India has plethora of cases which help us to reach our constitutional goals but it is also pertinent to note that most of the cases are not implemented. One such important issue to be dealt with is the independence of Judiciary. Though the NJAC Act was declared unconstitutional, the Collegium System was restored, can we witness the effectiveness? The Retired Justice A. K. Sikri expresses his opinion regarding the same at the launch of the book written by Advocate Chintan Chandrachud.
In the current regime, institutions have lost trustworthiness and it is bitter to note that the Judiciary is also falling in the similar path. The Article 50 of Part-IV of the Constitution of India specifies an obligation on the state to separate the judiciary from the executive, Articles 121 & 211 allow the Legislature to engage in the impeachment process but cannot comment on the conduct of Judges of the High Court or the Supreme Court. The bench with the verdict of 4:1 adjudged that NJAC Act is unconstitutional and void, it held that the collegium system which existed before NJAC would again become operative. They also stated that the appointment of judges by judges isn’t going well. This bench gave its verdict in the year 2015 headed by the then Chief Justice of India, Khehar, who said, “Help us improve and better the system. You see the mind is a wonderful instrument. The variance of opinions when different minds and interests meet or collide is wonderful“. Other Judges comprising of Justices J. Chelameswar, Madan B. Lokur, Kurian Joseph and A.K. Goel, gave separate judgments explaining the deliberation, reasoning and individual conclusions they arrived at on the NJAC and the Constitutional Amendment.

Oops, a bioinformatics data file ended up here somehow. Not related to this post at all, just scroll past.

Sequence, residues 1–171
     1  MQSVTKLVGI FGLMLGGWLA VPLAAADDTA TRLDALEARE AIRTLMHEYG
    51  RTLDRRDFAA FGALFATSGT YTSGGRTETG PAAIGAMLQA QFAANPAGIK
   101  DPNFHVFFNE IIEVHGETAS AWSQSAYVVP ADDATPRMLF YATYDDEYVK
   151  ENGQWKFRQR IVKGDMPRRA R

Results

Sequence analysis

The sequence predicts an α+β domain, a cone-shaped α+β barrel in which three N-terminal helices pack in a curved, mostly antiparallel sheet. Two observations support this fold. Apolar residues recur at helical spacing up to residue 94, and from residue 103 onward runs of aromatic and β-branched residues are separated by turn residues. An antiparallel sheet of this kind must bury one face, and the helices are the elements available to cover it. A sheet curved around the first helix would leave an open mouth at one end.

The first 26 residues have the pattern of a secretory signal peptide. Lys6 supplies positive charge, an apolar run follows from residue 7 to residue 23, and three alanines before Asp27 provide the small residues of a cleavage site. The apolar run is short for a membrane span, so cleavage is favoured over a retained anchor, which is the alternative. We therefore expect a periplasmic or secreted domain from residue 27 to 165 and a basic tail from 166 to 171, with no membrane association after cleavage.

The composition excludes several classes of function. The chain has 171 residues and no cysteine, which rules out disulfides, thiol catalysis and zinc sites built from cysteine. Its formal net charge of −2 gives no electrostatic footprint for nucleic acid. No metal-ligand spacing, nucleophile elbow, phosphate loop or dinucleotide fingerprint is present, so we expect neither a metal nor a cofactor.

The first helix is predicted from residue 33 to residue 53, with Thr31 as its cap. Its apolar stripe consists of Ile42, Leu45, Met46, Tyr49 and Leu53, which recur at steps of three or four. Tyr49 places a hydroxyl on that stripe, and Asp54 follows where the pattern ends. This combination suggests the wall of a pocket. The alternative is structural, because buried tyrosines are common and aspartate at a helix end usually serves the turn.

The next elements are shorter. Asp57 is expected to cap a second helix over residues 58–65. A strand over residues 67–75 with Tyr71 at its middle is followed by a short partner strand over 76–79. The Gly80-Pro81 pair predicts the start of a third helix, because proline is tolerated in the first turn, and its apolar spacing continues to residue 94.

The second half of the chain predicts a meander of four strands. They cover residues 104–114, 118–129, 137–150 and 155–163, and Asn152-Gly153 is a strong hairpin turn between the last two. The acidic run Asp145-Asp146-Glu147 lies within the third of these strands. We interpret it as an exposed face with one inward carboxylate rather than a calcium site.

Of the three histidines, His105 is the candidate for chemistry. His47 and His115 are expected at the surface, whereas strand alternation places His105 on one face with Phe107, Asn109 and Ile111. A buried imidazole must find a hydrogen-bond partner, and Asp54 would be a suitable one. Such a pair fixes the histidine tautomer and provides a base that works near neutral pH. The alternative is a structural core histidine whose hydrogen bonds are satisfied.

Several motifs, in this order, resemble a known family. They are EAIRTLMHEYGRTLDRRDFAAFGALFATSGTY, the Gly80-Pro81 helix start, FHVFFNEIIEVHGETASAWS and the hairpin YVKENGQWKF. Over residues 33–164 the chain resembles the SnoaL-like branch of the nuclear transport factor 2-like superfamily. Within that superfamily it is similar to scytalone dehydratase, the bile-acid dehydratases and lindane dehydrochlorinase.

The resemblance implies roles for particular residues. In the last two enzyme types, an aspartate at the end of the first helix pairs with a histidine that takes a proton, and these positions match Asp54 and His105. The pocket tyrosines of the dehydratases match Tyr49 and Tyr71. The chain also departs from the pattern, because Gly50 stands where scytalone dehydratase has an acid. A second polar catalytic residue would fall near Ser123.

Nevertheless, Justice AK Sikri during the launch of a book written by Advocate Chandrachud that India’s collegium requires “reconsideration” affirmed with the same. He mentioned that judiciary has a system to appoint, but most of the time, the evaluation was relied on impressions and there had been times where the deserving cases were left out and less-deserving cases were allowed to be given judgments by the Superior courts. The panel for this discussion was Shekhar Gupta, Editor-in-Chief, ThePrint. “The cases that India forgot” talks about 10 legal cases that “have all but faded from public memory”. It also details some other cases which were criticised for various reasons. This book is written by Chintan Chandrachud, son of Justice DY Chandrachud and who is known for his book Balanced Constitutionalism: Courts and Legislatures in India and the United Kingdom.
- Justice Chandrachud said changes are required in certain areas to appoint Judges.
- Lawyer can be brought for judgeship for a shorter span of time.
- Justice AK Sikri is a Judge of Singapore International Commercial Court (SICC).
- He was sworn as a Judge in Supreme Court in 2013 and served as The Chief Justice of Punjab & Haryana High Court.
- He retired from Supreme Court on 6th March, 2019.
Edited by J. Madonna Jephi
Approved & Published – Sakshi Raje
- ThePrint, Collegium system needs reconsideration, says former Supreme Court judge AK Sikri https://theprint.in/india/collegium-system-needs-reconsideration-says-former-supreme-court-judge-ak-sikri/358080/
- The Hindu, SC Bench strikes down NJAC Act as ‘unconstitutional and void’ https://www.thehindu.com/news/national/supreme-court-verdict-on-njac-and-collegium-system/article7769266.ece